Friday, November 30, 2007
Monday, November 19, 2007
Every year, China launches thousands of rockets and artillery shells into the sky. They're not part of a set of war games or preparation for a battle with Taiwan, but rather a battle with the weather. Through its Weather Modification Program, the Chinese government hopes to control the fickle forces behind rain. Run by the Weather Modification Department, a division of the Chinese Academy of Meteorological Science, the program employs and trains 32,000 to 35,000 people across China, some of them farmers, who are paid $100 a month to handle anti-aircraft guns and rocket launchers.More here.
Now Yu and the other rainmakers face their toughest challenge: making sure it stays dry for the opening ceremony of the 2008 Beijing Olympic Games. The idea is for the peasant gunners to work with meteorologists watching radar in the capital. Together, they will hunt pregnant rain clouds and pound them with rockets containing silver iodide. The hope is that any moisture will fall before the clouds can threaten the parade of athletes and lighting of the Olympic flame at the new National Stadium.Read more.
Saturday, November 17, 2007
Known as the “handsomest man in Norway,” and well-mannered to boot, he attracted women as catnip does cats, but preferred to keep them at arm’s length. A couple of early affairs had gone wrong, and the antics of his friends had given him a warped sense of women. And he never wanted children, as he feared they would become insane. The classic Madonna/whore view of women is apparent in his paintings of what he called “vampire women” with “nutcracker muscles in their thighs.”Read more.
In a quarrel with his Norwegian mistress, Tulla Larsen, who stalked him all over Europe, he ended up shooting himself in a finger, which for the rest of his life remained sheathed in black leather. This slight injury he blew up to mythical proportions, painting himself stark naked on an operating table lying in a huge pool of blood.
Labels: fine art
Friday, November 16, 2007
On Nov. 2, the Kremlin startled Western scholars by announcing that President Vladimir V. Putin had posthumously given the highest Russian award to a Soviet agent who penetrated the Manhattan Project to build the atom bomb.Link.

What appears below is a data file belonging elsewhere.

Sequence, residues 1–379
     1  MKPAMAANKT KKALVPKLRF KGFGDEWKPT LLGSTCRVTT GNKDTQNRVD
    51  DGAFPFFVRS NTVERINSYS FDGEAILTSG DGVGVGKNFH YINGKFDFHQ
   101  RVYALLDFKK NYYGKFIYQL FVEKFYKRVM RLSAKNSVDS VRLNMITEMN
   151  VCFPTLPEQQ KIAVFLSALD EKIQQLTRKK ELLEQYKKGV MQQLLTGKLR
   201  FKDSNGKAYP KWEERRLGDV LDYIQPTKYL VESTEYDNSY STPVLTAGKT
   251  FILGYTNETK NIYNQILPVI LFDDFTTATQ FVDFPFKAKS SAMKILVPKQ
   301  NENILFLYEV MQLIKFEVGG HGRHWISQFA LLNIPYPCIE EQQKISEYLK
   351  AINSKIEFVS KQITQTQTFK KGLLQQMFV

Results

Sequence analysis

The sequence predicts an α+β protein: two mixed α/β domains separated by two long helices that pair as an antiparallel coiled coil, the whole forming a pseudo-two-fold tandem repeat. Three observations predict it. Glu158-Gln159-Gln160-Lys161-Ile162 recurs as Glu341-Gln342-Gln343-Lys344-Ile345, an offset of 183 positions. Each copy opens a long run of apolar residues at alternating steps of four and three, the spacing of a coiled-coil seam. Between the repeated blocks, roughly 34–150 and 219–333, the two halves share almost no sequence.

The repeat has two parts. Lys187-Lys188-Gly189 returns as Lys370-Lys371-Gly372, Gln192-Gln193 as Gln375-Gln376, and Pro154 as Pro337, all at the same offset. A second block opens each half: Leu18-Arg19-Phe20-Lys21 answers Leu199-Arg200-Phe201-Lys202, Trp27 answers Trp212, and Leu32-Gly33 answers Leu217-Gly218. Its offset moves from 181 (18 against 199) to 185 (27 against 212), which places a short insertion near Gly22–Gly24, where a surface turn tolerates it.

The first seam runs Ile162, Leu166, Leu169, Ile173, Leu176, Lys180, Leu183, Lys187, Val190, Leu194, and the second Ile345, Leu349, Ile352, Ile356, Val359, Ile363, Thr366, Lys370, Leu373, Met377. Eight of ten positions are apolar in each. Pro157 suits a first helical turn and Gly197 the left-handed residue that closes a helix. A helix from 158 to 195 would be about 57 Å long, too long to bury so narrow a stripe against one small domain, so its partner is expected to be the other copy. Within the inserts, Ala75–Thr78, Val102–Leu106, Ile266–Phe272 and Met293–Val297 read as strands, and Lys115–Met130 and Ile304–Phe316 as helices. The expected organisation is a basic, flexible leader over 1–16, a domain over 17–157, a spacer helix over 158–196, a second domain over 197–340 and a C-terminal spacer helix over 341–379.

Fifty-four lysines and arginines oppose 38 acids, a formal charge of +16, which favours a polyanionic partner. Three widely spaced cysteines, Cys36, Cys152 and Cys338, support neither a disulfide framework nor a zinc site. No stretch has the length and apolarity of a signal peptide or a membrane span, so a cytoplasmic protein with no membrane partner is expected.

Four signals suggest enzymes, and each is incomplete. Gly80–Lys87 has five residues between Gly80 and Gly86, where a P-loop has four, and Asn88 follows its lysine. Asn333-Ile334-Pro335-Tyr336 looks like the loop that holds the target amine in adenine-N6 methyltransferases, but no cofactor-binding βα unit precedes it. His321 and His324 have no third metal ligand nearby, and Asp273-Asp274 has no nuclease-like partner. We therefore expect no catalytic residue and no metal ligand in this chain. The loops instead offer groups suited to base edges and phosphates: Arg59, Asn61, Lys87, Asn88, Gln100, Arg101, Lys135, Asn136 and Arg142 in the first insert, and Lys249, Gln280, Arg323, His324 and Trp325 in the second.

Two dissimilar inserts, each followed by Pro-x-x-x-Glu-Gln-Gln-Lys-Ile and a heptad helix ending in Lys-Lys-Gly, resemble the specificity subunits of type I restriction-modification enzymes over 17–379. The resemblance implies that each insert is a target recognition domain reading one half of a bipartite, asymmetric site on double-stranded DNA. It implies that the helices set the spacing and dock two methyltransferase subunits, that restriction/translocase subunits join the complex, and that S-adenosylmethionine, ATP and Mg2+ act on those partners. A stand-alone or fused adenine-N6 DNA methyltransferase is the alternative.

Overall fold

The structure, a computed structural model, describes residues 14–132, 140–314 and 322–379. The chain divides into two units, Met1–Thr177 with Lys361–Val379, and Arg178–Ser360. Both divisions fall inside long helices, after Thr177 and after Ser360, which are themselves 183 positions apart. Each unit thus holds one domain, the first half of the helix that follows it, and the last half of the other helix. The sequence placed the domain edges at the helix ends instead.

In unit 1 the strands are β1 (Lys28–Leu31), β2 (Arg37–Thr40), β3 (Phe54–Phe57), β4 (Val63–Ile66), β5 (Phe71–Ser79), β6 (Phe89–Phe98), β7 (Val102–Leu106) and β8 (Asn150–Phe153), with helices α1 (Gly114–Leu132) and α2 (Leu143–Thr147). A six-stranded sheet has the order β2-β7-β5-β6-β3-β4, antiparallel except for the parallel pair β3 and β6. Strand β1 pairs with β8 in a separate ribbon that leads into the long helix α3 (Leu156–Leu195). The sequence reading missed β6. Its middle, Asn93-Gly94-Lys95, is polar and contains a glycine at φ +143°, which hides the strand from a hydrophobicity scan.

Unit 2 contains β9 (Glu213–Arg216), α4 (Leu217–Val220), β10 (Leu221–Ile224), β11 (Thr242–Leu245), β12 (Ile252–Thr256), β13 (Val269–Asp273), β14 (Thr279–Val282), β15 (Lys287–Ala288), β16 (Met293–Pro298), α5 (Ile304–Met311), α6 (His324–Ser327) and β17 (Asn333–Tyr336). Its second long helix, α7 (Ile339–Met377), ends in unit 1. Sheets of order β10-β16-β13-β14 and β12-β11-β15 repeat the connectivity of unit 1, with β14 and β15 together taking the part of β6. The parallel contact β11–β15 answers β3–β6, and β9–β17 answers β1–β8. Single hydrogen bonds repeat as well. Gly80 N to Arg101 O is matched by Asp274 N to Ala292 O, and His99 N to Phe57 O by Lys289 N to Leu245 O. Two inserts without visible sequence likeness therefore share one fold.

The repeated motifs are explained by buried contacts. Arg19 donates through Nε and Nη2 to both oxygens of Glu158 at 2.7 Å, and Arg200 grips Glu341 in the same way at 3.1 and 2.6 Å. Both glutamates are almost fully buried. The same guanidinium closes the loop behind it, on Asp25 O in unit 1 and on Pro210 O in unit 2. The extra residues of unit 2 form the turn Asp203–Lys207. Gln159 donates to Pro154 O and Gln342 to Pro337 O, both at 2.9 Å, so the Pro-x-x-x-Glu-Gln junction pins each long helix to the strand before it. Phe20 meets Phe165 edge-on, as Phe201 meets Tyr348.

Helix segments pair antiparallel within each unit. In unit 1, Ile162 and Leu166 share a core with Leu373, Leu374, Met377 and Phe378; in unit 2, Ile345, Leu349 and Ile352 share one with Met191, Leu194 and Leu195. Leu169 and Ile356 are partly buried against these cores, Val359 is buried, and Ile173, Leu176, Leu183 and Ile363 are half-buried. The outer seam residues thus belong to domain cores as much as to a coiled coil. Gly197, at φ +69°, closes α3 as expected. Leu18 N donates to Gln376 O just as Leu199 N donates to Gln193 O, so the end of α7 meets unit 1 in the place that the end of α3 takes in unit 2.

The announcement hailed Dr. Koval as “the only Soviet intelligence officer” to infiltrate the project’s secret plants, saying his work “helped speed up considerably the time it took for the Soviet Union to develop an atomic bomb of its own.”
Tuesday, November 13, 2007
Monday, November 12, 2007
Saturday, November 10, 2007
The teams were sent out in vans to different locations and had to complete the first of five tasks. The first team to complete all five tasks won the competition. The tasks were:
A) To hit a fly ball beyond the infield grass at Dodger Stadium. Tommy Lasorda was there to provide assistance and, I'm told, a profane pep talk, as only Tommy can provide.
B) To have an artist in Venice Beach sketch a portrait of one of the players.
C) To teach a 10-minute lesson in a classroom at Torrance Elementary School.
D) To stand on a surfboard for at least five seconds in the Manhattan Beach water.
E) To find Jim Fox in Hollywood. A clue was posted near Bob Miller's star on the Hollywood Walk of Fame, which the players also had to locate.
Thursday, November 8, 2007
With Boston Police Department officers close behind, the horde of protesters began their menacing march at the corner of Albany and East Dedham Streets and snaked toward City Hall, moaning, "We have been infected by the BU biolab" and "The BU biolab has infected me with a terrible pathogen." During the march -- the newest form of protest in a seemingly futile battle to stop construction of the biolab -- the zombies stuffed anti-lab flyers under the doors of nearby businesses and into the palms of curious onlookers.Link.
Wednesday, November 7, 2007
Utah Jazz coach Jerry Sloan was asked about the Internet:
"I don't have (a computer), and I wouldn't know how to turn it on if I had one," said Sloan, who maintains a farm in his native Illinois. "The only thing I'd be interested in looking at is tractors anyway."
Tuesday, November 6, 2007
Heritage turkeys typically cost at least $4 per pound--at 26 pounds, Heritage Foods' biggest bird sells for $209, shipping included; grocers can sell a factory-farm Butterball at a quarter of that price. So Martins and Wickstrom decided to target foodies.Here's Heritage Foods' website. This link appears to be the webcam, but it wasn't working when I checked.
He helped Frank Reese, one of his suppliers, install a Webcam on his Kansas farm so customers could see their birds pre-slaughter.